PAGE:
A writer buddy of mine recently noted how his escapist pleasures as far as books were diametrically opposite from the person he was chatting with about it.
I’ve thought a lot about what for me makes good escapism, in pondering what types of stories work for me as an editor and what types don’t. I get most all my escapism from the world. Stuff in the setting that’s cool or neat or odd; quirky, awe-inspiring, or amazing to think about.
But when I’m reading or watching TV/movies even just for escapism, I still need some complexity to the character for it to hold my interest. I need a character in an acute situation facing some struggle in a way that will move me, or a puzzle or mystery to that situation that will intrigue me. Without that, I’m not entertained.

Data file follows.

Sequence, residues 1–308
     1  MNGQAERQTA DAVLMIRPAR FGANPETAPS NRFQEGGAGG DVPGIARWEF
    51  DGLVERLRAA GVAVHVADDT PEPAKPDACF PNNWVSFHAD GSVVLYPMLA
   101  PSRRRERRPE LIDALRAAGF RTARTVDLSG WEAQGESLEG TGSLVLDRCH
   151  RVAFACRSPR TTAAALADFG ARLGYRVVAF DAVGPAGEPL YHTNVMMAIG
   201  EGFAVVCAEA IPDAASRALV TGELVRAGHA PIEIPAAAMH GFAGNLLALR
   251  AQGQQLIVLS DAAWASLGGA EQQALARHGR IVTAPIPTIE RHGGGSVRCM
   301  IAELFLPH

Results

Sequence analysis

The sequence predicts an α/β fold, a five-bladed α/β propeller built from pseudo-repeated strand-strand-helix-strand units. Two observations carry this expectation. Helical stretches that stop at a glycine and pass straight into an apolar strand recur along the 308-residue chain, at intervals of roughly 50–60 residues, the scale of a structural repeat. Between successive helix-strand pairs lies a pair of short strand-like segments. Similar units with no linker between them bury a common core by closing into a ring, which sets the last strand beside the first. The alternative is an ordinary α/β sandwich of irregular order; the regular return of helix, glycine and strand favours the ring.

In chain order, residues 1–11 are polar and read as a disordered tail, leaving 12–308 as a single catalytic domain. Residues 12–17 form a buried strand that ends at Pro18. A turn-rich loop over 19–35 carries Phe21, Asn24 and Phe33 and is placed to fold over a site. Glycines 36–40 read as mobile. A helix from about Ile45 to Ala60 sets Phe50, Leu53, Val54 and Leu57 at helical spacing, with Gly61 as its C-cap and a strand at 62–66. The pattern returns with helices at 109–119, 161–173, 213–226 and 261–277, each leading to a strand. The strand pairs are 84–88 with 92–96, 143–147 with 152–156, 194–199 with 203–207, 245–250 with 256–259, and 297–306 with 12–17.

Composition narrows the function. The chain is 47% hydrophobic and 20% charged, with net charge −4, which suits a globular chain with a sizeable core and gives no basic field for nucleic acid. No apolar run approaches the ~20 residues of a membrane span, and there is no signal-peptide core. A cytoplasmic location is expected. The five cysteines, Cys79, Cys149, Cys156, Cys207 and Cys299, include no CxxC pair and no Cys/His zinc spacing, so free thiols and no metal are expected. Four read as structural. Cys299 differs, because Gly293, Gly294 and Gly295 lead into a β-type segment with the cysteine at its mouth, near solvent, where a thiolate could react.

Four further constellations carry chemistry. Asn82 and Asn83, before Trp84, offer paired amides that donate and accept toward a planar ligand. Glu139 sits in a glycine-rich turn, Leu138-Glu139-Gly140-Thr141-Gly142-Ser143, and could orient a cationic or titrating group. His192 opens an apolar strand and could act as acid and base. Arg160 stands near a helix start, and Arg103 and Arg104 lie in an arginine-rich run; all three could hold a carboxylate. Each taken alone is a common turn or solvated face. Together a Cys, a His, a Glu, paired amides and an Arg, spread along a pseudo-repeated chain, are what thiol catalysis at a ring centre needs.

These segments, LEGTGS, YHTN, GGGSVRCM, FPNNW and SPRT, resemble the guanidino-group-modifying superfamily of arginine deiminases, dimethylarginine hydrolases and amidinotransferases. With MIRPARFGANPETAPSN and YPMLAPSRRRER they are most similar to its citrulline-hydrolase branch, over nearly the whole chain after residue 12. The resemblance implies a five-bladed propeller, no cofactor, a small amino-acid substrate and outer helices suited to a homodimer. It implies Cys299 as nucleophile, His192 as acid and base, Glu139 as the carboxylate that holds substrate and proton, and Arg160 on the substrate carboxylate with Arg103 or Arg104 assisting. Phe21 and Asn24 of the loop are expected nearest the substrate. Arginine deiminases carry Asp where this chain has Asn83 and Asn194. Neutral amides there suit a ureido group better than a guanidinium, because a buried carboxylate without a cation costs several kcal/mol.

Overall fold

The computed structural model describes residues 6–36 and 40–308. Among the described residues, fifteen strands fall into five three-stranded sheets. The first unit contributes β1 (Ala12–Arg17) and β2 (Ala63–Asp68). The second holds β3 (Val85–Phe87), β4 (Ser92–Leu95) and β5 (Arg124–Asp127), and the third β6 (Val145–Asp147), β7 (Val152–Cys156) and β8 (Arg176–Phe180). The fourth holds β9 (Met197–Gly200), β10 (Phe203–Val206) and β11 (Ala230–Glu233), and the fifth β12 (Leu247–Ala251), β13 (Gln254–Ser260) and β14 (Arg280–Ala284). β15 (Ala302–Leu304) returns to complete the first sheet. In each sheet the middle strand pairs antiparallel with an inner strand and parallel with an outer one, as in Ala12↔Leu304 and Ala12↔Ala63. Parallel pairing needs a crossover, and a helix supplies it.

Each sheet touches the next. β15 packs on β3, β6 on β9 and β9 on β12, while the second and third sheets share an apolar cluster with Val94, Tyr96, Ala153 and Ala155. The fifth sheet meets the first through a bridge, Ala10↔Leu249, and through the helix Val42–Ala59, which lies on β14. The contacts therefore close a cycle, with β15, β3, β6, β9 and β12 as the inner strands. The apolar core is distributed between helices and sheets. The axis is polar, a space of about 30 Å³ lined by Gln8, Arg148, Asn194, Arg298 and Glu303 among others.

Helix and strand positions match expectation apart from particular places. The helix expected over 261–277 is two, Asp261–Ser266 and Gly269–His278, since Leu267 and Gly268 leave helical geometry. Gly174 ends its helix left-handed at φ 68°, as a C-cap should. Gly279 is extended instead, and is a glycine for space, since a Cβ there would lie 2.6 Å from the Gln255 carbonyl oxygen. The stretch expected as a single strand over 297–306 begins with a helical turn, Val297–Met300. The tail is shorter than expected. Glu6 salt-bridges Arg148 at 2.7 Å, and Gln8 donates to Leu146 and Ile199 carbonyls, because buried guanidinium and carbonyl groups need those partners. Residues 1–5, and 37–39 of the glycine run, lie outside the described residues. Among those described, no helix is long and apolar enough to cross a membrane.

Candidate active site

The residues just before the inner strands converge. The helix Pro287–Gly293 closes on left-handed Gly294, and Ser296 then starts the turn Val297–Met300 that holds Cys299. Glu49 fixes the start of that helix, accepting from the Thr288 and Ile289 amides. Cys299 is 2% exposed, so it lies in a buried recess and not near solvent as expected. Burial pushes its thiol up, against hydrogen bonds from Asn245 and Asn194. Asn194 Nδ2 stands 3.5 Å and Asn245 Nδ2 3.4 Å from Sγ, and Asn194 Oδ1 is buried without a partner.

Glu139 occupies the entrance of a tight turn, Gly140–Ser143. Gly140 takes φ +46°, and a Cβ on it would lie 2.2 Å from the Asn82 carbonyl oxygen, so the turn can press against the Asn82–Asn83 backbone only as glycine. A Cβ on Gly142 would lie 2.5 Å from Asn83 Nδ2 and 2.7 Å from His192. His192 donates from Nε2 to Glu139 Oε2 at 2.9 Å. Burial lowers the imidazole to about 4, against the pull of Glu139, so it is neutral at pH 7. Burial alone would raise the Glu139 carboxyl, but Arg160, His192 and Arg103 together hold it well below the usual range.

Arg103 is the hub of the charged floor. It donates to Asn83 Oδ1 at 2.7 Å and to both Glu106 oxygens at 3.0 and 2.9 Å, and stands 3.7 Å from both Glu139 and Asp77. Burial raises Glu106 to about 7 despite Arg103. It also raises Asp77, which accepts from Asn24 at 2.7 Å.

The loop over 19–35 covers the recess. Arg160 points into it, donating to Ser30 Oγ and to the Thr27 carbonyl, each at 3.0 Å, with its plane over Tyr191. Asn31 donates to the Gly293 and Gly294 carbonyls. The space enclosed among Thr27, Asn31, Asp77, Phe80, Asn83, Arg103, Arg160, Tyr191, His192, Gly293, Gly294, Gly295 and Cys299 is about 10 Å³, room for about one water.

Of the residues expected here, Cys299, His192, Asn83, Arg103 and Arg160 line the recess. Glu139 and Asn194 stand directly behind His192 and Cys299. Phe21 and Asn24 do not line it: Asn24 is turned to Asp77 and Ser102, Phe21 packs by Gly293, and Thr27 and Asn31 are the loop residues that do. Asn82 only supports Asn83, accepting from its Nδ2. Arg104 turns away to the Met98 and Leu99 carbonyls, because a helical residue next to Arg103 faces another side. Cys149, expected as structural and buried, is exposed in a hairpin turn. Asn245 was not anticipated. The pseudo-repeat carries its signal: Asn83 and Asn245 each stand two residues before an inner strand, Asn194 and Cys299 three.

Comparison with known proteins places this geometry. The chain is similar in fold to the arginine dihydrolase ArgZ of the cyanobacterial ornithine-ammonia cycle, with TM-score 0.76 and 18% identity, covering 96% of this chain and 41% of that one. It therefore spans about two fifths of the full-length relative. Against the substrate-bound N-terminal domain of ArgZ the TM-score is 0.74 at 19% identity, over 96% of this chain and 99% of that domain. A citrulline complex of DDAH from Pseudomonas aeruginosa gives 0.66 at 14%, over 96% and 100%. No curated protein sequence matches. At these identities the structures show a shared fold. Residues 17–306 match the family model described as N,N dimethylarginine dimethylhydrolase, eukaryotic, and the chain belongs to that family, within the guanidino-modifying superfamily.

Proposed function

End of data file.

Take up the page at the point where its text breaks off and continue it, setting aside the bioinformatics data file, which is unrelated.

So is that truly “escapist”? I don’t know. If say “Rita Hayworth and Shawshank Redemption,” novella and movie, moves me by saying something profound about the human condition, is that “escapist”? I think most people would say no. :) For me it’s not whether the story is dark or the ending to that struggle is happy or not (in “Shawshank Redeption,” the ending is ambiguous, and I love hard-fought happy endings as much as I love ambiguous ones). It’s a level of engagement that such complexity or mystery provides for me, without which I’m not entertained enough to escape.
Which may explain why Hollywood movies rarely ever work for me. :)